Trying to find a way to delete level[1,...,n] from pyramidal slides and keep only level[0]

I am trying to study difference in file size for WSI images (.tiff, .svs) between pyramidal and single level[0], and estimate time / cpu resources need.
Those will be used as cold-storage / archival.

The main thinking is : obtain pyramidal file -> reduce size to only highest resolution without additional compression -> cold-storage -> reconstruct pyramids if needed.

I tried to read the slides using openslides, however, i was getting MemoryError for level[0]:
img = slide.read_slide((0,0), 0, slide.level_dimensions[0])
the ideas was to read the slides, and save them using the same compression of the original slides, but this is computationally heavy.

So, instead of reading and then saving, could we delete all levels above level[0]?
I could not figure a way to convert it to numpy array for easier manipulation.

I tried qupath: file -> export image, it was not fast, but could not figure a way to run it headless to batch process. the saved file was a single level ome.tif, about 1.5 GB, and was able to view it in qupath. This solution also applied additional compression that I do not want.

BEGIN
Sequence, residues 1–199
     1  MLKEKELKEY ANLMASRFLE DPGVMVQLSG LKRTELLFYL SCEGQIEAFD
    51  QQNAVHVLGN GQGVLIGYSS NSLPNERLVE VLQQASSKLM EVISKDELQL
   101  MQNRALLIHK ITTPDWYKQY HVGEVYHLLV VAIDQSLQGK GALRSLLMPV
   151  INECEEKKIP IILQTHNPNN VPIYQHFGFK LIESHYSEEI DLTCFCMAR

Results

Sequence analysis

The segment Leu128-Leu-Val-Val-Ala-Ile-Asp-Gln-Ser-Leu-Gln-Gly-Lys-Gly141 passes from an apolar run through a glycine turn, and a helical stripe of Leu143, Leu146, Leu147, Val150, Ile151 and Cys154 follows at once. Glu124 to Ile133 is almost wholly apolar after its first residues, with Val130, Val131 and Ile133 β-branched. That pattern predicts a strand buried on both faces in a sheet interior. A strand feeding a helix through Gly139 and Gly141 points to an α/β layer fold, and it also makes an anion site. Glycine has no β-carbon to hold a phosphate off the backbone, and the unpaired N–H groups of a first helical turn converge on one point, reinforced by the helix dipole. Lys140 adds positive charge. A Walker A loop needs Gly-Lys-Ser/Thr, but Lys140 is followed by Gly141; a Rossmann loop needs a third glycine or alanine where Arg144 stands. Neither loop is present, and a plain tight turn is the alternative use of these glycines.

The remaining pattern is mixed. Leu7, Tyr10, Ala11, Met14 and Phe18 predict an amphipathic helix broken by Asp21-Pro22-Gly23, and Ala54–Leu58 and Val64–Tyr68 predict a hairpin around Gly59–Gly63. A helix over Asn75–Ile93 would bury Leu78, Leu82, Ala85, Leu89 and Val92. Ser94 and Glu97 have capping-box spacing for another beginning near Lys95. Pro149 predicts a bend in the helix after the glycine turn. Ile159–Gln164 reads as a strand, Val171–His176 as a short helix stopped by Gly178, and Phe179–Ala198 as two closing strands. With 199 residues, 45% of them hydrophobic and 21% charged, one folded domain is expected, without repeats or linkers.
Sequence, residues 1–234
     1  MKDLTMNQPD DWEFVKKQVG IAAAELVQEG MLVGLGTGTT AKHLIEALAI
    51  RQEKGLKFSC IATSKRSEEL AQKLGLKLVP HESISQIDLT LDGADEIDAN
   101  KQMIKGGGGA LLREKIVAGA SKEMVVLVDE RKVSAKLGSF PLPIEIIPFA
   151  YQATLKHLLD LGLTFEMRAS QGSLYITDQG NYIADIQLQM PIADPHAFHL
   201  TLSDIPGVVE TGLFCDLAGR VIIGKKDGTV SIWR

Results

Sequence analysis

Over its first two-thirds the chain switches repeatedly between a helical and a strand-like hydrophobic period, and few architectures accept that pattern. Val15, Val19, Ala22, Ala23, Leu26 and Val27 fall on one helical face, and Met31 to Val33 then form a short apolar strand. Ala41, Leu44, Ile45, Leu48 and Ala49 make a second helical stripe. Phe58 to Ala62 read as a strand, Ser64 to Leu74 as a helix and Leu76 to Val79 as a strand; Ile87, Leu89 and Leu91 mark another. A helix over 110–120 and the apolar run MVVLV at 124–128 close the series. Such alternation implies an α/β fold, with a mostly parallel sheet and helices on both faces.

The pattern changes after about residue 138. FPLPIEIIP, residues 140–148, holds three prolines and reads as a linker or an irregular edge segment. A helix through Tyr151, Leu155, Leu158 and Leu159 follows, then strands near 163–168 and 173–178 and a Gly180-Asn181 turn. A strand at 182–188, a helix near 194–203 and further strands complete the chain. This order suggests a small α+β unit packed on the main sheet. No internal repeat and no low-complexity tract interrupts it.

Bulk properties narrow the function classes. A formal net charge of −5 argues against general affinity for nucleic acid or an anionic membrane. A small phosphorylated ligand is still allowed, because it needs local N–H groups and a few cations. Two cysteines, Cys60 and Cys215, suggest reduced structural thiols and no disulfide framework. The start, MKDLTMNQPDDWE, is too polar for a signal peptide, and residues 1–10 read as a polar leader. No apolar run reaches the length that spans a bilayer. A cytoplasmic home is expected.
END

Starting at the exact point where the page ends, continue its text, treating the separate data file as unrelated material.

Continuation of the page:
I also tried bfconvert, but it took a lot of time and CPU resources.


You should be able to save a single resolution using the bfconvert tool and series option, though removing the lower level resolutions is likely not going to provide significant improvement.

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I understand bfconvert (and QuPath) will both involve recompressing the image… which may be bigger or smaller, but certainly won’t be better. It may also cause a loss in specific metadata.

To simply remove layers you’d need to go to a much lower level, perhaps with libtiff (or possibly libvips, but I’m not sure).

However, I agree with @dgault and suspect you won’t see a huge improvement in terms of image size by removing the pyramidal layers (since they are both smaller and compressed anyway)… which won’t be worth it compared to the awkwardness involved in reconstructing them if you ever do need them in the future.

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